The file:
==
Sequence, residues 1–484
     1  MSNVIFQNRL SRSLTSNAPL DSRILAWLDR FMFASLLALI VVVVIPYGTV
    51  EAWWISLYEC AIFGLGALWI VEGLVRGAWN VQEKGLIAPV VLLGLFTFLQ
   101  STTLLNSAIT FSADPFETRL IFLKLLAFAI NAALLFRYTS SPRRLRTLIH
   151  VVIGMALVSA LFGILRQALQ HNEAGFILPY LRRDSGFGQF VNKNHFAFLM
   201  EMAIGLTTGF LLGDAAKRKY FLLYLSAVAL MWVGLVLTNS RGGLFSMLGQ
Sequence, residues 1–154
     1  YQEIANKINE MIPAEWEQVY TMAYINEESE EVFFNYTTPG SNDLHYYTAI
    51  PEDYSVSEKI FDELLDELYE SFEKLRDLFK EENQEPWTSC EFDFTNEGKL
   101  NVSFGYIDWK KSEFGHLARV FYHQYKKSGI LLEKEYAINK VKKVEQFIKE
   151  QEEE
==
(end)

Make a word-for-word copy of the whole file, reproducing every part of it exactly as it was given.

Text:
Sequence, residues 1–484
     1  MSNVIFQNRL SRSLTSNAPL DSRILAWLDR FMFASLLALI VVVVIPYGTV
    51  EAWWISLYEC AIFGLGALWI VEGLVRGAWN VQEKGLIAPV VLLGLFTFLQ
   101  STTLLNSAIT FSADPFETRL IFLKLLAFAI NAALLFRYTS SPRRLRTLIH
   151  VVIGMALVSA LFGILRQALQ HNEAGFILPY LRRDSGFGQF VNKNHFAFLM
   201  EMAIGLTTGF LLGDAAKRKY FLLYLSAVAL MWVGLVLTNS RGGLFSMLGQ
Sequence, residues 1–154
     1  YQEIANKINE MIPAEWEQVY TMAYINEESE EVFFNYTTPG SNDLHYYTAI
    51  PEDYSVSEKI FDELLDELYE SFEKLRDLFK EENQEPWTSC EFDFTNEGKL
   101  NVSFGYIDWK KSEFGHLARV FYHQYKKSGI LLEKEYAINK VKKVEQFIKE
   151  QEEE